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PA18 Aux Tanks

markc

Registered User
Philippines
Folks

Looking at the possibilityof Installing Aux Fuel Tanks in the PA18.

I guess there is an option of a Fus Tank, requiring a boost pump and additional tanks in the wings.

If installed in the wing, are they available as tip tanks or do additional bays need to be created in each wing.

What is the best method of connecting:

Fuel Selector (AUX L & R MAin L & R)
Gravity Feed via Interconnect in same wing
Left Aux - Right Main (Cross Feed), etc using gravity or a pump??

I am sure that there has been discussion over the years on many aspects of this matter and that by now a lot of those projects are in the air and there may be some valuable experience that can be passed on.

Can any one recommend suppliers?

Many thanks
 
Aux. wing tanks

Extra tanks in the wing have been tried for years. They stink!!! Go with either larger tanks(Dakota 24 gallon or Atlee Dodge 30.5 gallon) or a belly tank. Extra tanks in the wings went out about 1972, bad mod. Crash
 
Listen to Crash. When I rebuilt my cub I reinstalled the aux tanks that were in the wings. I am going to now remove them....they leak and never did feed properly. So I will be back to the standard 36 gal. and do what we did years ago......throw in a 5 or two in the back if range is a problem.
 
Mark C., here's strike 3 for the 13 Gallons per side Aux. tanks in the wings.

Mine are leakers. They'll come out at next rebuild. Why we didn't take 'em out last time escapes me. Back then, Atlees tanks were available, but not what we wanted. The Dakota 24's have only recently become available (last couple of years).

The 24 Dakota Cub Aircraft fuel tank mod may just be the ticket.

The belly pod is another workable option. In my opinion, made better, by the Airglas combination baggage/fuel pod.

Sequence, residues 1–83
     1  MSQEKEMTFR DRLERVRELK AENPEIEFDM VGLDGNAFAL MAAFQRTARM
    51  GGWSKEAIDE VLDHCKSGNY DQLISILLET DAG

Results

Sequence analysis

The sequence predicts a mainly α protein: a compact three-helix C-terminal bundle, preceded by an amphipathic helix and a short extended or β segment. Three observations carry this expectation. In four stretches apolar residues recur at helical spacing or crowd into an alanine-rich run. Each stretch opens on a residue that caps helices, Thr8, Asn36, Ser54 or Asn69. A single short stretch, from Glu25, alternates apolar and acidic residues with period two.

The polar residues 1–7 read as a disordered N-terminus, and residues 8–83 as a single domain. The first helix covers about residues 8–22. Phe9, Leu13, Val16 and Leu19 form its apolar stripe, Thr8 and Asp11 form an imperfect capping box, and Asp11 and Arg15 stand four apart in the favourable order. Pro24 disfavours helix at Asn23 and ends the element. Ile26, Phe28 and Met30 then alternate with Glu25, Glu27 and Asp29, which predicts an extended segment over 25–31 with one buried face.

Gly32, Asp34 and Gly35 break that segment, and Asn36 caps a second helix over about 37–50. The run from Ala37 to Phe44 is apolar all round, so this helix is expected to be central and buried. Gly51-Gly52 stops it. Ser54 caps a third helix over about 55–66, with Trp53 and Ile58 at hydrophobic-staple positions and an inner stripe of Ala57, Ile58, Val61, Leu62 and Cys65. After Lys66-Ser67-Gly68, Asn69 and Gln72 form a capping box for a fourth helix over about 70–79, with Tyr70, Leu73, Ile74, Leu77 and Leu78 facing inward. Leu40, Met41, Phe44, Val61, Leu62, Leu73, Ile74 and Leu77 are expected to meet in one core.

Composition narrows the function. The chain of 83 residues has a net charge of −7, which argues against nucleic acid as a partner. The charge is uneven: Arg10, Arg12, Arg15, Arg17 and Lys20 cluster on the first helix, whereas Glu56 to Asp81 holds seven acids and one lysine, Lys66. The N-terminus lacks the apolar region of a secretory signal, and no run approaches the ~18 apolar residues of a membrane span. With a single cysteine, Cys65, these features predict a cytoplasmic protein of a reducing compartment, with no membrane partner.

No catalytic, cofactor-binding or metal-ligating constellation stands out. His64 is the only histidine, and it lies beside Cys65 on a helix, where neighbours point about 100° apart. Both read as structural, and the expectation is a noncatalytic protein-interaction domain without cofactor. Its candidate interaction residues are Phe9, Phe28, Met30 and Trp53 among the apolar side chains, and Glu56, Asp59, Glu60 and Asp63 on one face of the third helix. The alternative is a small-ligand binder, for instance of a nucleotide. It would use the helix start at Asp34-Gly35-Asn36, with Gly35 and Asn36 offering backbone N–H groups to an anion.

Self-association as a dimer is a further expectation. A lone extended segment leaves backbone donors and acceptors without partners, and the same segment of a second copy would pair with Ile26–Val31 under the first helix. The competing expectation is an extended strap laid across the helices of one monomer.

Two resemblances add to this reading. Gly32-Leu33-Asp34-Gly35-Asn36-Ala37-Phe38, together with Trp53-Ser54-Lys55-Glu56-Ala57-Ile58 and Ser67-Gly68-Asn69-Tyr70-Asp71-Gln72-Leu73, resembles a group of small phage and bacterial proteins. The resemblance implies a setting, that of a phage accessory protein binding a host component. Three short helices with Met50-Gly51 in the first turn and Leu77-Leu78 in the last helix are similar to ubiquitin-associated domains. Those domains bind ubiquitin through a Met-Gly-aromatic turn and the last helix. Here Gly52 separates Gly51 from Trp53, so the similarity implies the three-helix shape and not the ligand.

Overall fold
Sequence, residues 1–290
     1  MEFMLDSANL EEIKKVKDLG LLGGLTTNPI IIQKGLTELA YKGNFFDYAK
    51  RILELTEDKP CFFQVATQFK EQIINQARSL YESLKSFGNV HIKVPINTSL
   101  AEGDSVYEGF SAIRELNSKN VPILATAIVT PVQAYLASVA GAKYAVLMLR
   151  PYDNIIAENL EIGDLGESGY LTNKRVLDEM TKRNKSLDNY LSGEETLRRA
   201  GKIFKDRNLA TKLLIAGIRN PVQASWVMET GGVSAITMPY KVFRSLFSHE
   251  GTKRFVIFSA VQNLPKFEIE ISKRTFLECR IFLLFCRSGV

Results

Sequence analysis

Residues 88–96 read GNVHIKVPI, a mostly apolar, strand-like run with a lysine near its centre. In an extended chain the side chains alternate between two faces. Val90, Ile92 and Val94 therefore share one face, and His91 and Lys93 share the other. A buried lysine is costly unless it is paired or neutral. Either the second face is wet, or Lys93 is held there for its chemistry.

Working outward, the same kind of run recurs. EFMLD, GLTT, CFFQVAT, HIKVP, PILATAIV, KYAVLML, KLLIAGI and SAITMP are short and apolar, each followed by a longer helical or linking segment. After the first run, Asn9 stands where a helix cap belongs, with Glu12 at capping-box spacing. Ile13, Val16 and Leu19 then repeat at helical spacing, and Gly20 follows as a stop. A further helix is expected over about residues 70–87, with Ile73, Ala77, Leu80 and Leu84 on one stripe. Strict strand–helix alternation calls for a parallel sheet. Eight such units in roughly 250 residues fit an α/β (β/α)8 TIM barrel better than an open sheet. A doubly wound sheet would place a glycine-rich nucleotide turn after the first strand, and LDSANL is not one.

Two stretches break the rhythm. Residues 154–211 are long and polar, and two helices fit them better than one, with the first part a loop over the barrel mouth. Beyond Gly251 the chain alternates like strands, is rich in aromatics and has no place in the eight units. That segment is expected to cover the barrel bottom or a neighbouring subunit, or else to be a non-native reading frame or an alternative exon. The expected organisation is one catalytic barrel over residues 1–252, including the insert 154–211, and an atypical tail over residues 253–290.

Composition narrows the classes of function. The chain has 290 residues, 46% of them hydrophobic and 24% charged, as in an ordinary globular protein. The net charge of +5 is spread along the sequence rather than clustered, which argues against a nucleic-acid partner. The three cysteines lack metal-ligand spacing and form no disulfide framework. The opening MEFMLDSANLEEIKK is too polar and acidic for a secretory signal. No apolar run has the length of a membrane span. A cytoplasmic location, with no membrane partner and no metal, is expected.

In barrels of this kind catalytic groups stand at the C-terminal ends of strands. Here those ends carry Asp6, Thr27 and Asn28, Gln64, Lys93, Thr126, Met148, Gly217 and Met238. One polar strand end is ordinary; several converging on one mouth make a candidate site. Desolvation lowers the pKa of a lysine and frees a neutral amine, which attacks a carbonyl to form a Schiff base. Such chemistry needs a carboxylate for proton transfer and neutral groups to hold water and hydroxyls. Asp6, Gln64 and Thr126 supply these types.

Listen to Crash. When I rebuilt my cub I reinstalled the aux tanks that were in the wings. I am going to now remove them....they leak and never did feed properly. So I will be back to the standard 36 gal. and do what we did years ago......throw in a 5 or two in the back if range is a problem.
or throw in a couple Airframes overpriced fuel bags in your belly pod.
 
I've flown a couple Cubs with two extra18 gallon tanks--one of the old "polar bear hunting special" solutions. Neither of those systems were really bad, but that's a LOT of fuel, and not that easy to verify you're getting it all to feed, therefore I always had more gas than I really needed, due mostly to paranoia. When all tanks were full, the plane felt pretty ponderous in roll....

Atlee 30.5 main tanks: Lots of them around in AK anyway. Again, 60 gallons useable is a lot. If I were to own/operate a Cub with these, I'd be sure to install a fuel flow computer system, again, to have a better handle on fuel on board. Those big flat tanks hold a lot of fuel, even when the balls in the gauges are near the bottom.

My preference, if starting with a stock plane, would be to install a combination fuel/cargo pod. I believe those hold about 18 gallons, which is a lot of gas added to stock tanks. Once the initial installation is done, it's not that hard to remove/re-install the pod when needed. And, you gain some cargo space as well.

Second choice would be Dakota tanks, the ONLY reason being that that installation may be more involved and cost more. Or not. I like gas in the tanks, available with little to no messing around to get it to the engine. While the pod requires a pump to move the fuel, my experience with those setups has been positive, with few if any issues.

MTV